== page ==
Whatever your personal feelings are on Peter King, Football Morning in America is one of the more entertaining / informative NFL-focused offerings in existence.
This week’s version is no different.
That said . . . Are you freaking kidding me?!?!?!?
I’m not going to draw this out with my usual semi-long-winded intro or play-by-play approach to reviewing a mock draft.
Ideal situation, right?
To be fair, King could have screwed it up worse than he did. Thankfully, Tyree Wilson and Will Levis were already off the board.
So King took Carter.
In and of itself, that’s not a horrible choice.
IF Will Anderson isn’t on the board.
And IF Anthony Richardson is similarly unavailable.
Assuming, of course, that Jalen Carter is even on the Seahawks’ board - which is not a given with all that has been reported about Carter over the past couple months.
The Detroit Lions celebrate Seattle’s pick by giving Aidan Hutchinson the best running mate imaginable when they select Will Anderson Jr. at #6 (!!!)
Believe it or not though . . .
King isn’t done making the 12s question whether or not “In John and Pete we trust” is still going to be a thing.
Note: In a recent Seaside Joe poll, 82% of respondents agreed with the statement: “In Pete and John, we trust”.
In that same poll, 48% said they would not be upset if Seattle used the #5 pick on Anthony Richardson (5% said they didn’t know), and 54% said the Seahawks should not select Jalen Carter at #5.
Fast forward to Seattle’s native pick at #20.
The Seahawks select Boston College WR Zay Flowers.
Again, in and of itself, this isn’t a horrible choice. In fact, it’s the same choice that I made in my fifth and final 2023 mock draft.
But . . .
ANTHONY RICHARDSON IS STILL ON THE BOARD !!!!!!
Words cannot adequately express how upset I and many of my fellow 12s would be if John and Pete passed on Anthony Richardson twice and then watched him blossom into a franchise player in Minnesota.
(yeah, the Vikings get him at #23)
Amusingly, despite my complete exasperation at passing on Will Anderson Jr. at #5 and passing on Anthony Richardson twice, there is much about King’s mock draft that I agree with.
Or, more accurately, that my final mock draft agrees with:
- Bryce Young goes #1 (shocking!)
- The Titans trade up to select Ohio State QB C.J. Stroud
- Jalen Carter went #5 in both mock drafts (only he went to the Eagles at #5 in mine)
- The Raiders take Illinois CB Devon Witherspoon at #7 in both mock drafts
- We both have Texas RB Bijan Robinson going to Atlanta at #8
- Ohio State OT Paris Johnson Jr. is the #9 selection (different teams - King sends him to the Bears; I sent him to the Jets)
- Both mocks have Oregon CB Christian Gonzalez at #11 (Colts for me; Cardinals for King)
- Green Bay takes Utah TE Dalton Kincaid in both mocks
- King and I both have Maryland CB Deonta Banks coming off the board at #18 (Detroit)
- Zay Flowers at #20
- We both have the Chargers taking a WR (Quentin Johnston for me; Jordan Addison for King)
- Clemson EDGE Myles Murphy goes to the Saints at #29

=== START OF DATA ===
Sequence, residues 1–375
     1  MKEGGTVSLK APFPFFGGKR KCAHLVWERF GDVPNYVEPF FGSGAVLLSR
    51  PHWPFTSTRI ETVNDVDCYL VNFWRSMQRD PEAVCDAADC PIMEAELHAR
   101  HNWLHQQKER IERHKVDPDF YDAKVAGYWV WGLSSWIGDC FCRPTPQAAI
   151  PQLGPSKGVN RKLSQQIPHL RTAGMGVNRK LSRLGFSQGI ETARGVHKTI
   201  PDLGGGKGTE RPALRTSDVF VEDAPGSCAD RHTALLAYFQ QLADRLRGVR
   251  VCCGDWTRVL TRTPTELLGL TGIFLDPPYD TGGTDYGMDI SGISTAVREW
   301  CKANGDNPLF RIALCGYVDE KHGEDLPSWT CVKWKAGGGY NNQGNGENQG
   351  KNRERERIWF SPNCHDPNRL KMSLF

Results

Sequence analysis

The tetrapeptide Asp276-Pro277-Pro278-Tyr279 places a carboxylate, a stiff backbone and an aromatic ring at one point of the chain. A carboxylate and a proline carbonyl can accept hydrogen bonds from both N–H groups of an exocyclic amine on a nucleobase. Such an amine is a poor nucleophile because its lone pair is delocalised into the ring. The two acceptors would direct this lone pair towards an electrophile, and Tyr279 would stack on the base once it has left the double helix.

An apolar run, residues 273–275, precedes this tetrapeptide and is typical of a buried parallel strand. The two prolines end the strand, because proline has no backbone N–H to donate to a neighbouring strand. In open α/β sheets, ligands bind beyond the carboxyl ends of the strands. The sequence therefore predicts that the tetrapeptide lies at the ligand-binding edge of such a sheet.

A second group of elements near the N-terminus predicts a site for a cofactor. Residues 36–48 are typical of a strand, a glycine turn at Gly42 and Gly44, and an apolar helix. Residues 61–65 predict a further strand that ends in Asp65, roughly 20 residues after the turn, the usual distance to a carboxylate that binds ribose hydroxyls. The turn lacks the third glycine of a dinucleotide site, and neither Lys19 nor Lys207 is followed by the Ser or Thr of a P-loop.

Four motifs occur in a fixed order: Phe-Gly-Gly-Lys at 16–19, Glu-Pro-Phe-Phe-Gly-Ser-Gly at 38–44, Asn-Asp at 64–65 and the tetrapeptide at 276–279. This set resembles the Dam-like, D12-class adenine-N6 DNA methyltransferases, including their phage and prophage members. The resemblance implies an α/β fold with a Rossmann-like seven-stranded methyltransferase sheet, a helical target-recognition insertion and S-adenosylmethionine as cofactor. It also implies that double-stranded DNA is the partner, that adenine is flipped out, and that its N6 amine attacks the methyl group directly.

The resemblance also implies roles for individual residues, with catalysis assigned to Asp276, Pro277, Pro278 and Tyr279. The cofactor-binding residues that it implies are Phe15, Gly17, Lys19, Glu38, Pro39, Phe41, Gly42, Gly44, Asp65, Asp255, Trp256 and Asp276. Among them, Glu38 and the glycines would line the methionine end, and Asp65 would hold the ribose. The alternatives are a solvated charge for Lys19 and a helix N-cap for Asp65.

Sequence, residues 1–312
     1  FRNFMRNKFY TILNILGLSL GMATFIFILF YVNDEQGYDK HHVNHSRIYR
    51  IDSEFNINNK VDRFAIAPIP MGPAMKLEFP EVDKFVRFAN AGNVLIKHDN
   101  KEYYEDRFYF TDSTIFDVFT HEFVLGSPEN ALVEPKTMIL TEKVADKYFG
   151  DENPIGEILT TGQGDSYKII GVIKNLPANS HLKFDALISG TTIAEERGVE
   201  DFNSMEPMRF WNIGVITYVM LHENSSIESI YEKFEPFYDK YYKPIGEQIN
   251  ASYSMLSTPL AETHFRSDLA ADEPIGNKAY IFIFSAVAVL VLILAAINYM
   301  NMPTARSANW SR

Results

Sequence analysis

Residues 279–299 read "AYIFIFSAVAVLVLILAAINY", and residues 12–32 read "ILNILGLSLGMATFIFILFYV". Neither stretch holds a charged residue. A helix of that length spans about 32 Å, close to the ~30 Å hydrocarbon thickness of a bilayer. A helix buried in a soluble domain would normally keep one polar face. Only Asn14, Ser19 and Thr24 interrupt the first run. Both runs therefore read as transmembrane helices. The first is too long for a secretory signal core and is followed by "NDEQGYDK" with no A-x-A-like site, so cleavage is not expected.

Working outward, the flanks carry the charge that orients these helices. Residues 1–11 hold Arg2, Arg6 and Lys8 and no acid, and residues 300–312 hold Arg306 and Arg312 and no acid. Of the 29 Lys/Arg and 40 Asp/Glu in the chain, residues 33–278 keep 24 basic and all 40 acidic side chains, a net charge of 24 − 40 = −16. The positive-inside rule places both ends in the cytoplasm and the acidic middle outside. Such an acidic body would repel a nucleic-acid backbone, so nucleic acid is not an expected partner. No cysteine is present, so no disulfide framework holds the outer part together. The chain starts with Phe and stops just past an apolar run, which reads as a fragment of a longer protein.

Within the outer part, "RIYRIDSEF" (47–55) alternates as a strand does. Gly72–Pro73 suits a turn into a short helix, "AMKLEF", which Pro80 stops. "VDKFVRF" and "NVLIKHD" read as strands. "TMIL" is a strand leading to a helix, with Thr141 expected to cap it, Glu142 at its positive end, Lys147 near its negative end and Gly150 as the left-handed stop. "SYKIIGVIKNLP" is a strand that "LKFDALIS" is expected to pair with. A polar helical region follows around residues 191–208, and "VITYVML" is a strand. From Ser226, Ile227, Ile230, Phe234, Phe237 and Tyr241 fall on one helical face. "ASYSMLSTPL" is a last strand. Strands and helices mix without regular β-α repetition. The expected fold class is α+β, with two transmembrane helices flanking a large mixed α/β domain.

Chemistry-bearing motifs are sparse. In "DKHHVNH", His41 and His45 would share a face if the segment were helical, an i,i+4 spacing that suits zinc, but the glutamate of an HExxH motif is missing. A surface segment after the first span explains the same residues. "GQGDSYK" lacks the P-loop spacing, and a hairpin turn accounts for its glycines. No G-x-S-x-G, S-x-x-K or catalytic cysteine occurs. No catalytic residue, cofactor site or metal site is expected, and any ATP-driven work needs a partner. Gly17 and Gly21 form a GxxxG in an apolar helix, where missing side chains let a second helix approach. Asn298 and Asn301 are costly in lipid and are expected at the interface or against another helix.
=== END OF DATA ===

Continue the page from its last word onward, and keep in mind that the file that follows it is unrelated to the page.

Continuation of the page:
- Neither of us have the Rams or 49ers making any picks in Round 1 :)
I would say, “Great minds think alike,” if I weren’t so absolutely mortified by what King did to the Seahawks.
For those that are interested, here are King’s comments regarding the picks he made on behalf of John Schneider and Pete Carroll:
No. 5: Seattle selects Jalen Carter
If it falls this way, I think it’d be a tough call—Jalen Carter or Will Anderson, the cleanest player in the draft, or long-term QB prospect Anthony Richardson, or the best cornerback in the draft, Devon Witherspoon. They’re all cleaner than Carter. But one of the things I like about the way Seattle does business is the Seahawks view their business model as being designed to handle all kinds of players, the model citizens and those with checkered pasts. They don’t shy away from very talented players because of sketchy resumes; they figure their coaching staff and behind-the-scenes player-development staff will find a way to put players in the best position to win. This is GM John Schneider’s 14th draft in Seattle, and he’s never had a top-five pick. The bonus for Schneider is he also picks at 20—and only four times has he had a top-20 pick. Such is the reign of success for Schneider and head coach Pete Carroll. I don’t discount the impact of the last problem defensive tackle the Seahawks drafted—Malik McDowell early in the second round of 2017. He never played a down for the Seahawks after having a host of off-field problems. And the red flags around Carter certainly are notable. Two other things, as a person with a team that’s done a lot of work on Carter told me: Seattle defensive coordinator Clint Hurtt will be firm and demanding with Carter; he’s an old-school coach who won’t take passive effort. And Seattle is the franchise that gets Carter furthest away from his comfort zones—Athens, Ga., and his hometown of Apopka, Fla. Apopka to Seattle: 3,073 miles. This is a bit of a roll of the dice. If it happens, you know Schneider’s done a ton of homework on Carter.
To be fair, King makes a lot of good points (and he spends more words expressing those points than he does on all but one other pick - Bryce Young at #1 is +20 on the word count).
And I actually agree with most of what he says.
I just don’t like taking Carter over Anderson and Richardson (and I really, really, REALLY hate passing on Richardson twice).
No. 20: Seattle selects Zay Flowers
Flowers is a popular player on the pre-draft circuit. His 200 catches for a toothless offensive team at BC, and the fact that he stayed at the program for four years despite having options elsewhere in the portal makes Flowers even more desirable. Position versatility helps too.
The actual 2023 NFL Draft is in T-minus (however many hours).
I, for one, can’t wait.